Using the extracted expression patterns, we assess the importance of using spatial metrics [Haar wavelets (HWs) and spatial mutual information (SMI)] by comparing their performance with two previously used non-spatial metrics [mean squared error (MSE) and mutual information (MI)]. We determined how the similarity values computed by each metric corresponded to manually annotated expression terms in the in situ database. For this purpose, we focused on the subset of 27 157 images covering 3127 genes acquired during the time window of developmental stages 4–6. Images in this stage window have been annotated with information on the view from which the images were taken (lateral or dorsal/ventral), and this crucial information is not yet provided for later stages. Furthermore, the images at this stage balance the frequency of spatially diverse expression patterns with the resolution and coverage in the database, and are not subject to the additional complexity that expression in later stages is conditional on earlier expression, which is also reflected in the annotation terms.

Genes in the selected window were annotated with 38 unique terms describing the spatial expression patterns. We removed all genes that had annotation terms which indicated the lack of spatial variability (e.g. ubiquitous, maternal) and non-lateral views, leaving us with 209 genes, 1231 images and 29 annotation terms. For each scoring metric, we calculated an enrichment significance for each annotation term describing how often genes annotated with a particular ontology term show the strongest similarity to genes annotated with the same term. Using a P-value cutoff of 0.05, SMI performed the best, with 22 of the 29 annotation terms being significantly enriched, while MI led to the second best result with 21. Both MSE and HWs led to 19 and 18 enriched terms, respectively (Table 1).

Table 1.
Enrichment of annotation terms for all genes within the second time window (stages 4–6) for all four similarity values: MSE, Haar, MI and SMI, given as actual similarity scores and RSS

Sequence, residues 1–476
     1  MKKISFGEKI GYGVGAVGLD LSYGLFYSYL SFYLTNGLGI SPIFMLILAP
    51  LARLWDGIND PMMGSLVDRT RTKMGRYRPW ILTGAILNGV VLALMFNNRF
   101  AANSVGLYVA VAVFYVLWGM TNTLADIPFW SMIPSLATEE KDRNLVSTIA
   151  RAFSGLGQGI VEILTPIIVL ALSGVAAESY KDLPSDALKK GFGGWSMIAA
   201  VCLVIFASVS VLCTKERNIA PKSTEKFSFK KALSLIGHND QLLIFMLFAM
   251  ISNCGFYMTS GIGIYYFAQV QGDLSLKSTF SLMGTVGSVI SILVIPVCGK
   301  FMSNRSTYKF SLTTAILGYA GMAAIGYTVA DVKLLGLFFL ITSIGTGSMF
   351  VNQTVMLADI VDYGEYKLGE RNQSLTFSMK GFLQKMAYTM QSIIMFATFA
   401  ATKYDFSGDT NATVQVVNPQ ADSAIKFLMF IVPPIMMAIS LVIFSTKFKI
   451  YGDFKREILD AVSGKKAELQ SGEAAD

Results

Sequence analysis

While SMI and HWs are capable of incorporating the spatial structure of expression pattern, they do not fully incorporate the significance of the spatial pattern: genes with complex spatial patterning (e.g. even-skipped) will be scored similarly to genes with simpler spatial patterning (e.g. bicoid). To better account for this, and to provide actual significance values between expression patterns, we have developed methods that account for the complexity of the spatial patterning. The significance values are computed by comparing the observed similarity value with a null distribution that preserves spatial dependencies between the two gene expression patterns, as described in Section 3.5.1 and shown in Figure 2. To accommodate for low signal/strong lighting effects, the significance values were converted into reweighted significance scores (RSS) as described in Section 3.6. The enrichment significance calculation was repeated for the RSS values and are shown in Table 1. By incorporating the spatial structure using RSS for each score, the scoring metrics performed similarly, with all the metrics resulting in 19–22 enriched significance scores.

Fig. 2.
Generation of background datasets and pairwise significance tests for 2D expression patterns. Upper right panel: computation of significance values, as exemplified on in situ images for the genes nubbin (A) and dichaete (C). The extracted expression vectors ...

While consistent differences between metrics are observed, and the significance estimates produce more stable results across metrics, the overall performance is not dramatically different. The advantage of using appropriate similarity metrics and significance estimates becomes more apparent in noisier scenarios, or when fewer features are used. Many, but not all, terms exhibit distinct patterns along the AP axis; however, when using projections onto the AP axis only, MSE results in only 15 terms compared with the 18 terms for both axis. In comparison, MI, SMI and the RSS scores remain largely consistent regardless of whether the DV axis is incorporated into the score. The full results analogous to Table 1 are given in the Supplementary Material.

2.3 Expression similarity of known co-regulated genes

As application of the registration and expression comparison pipeline, we use SMI and significance tests to validate known biological interactions, suggesting their usefulness for inference on biological data. Gene regulation and spatial patterning are a tightly coupled process: transcription factors acting as activators for a gene are often co-expressed in similar spatial regions, while repressors are often expressed inversely to the targeted gene. We address how such regulatory relationships are reflected in spatial expression profiles in the context of the segmentation network, using a set of the gap, pair rule and segmentation genes adapted from Schroeder et al. (2004). This network consists of a set of genes with many direct regulatory interactions and shared functional roles; in many cases, similarities in function/interaction are reflected in noticeable similarities of spatial expression patterns. Since the subset we are using does not contain the irregularities/noise of the full dataset, we here calculated the unweighted significance scores of the anterior/posterior projections described in Section 3.5.1.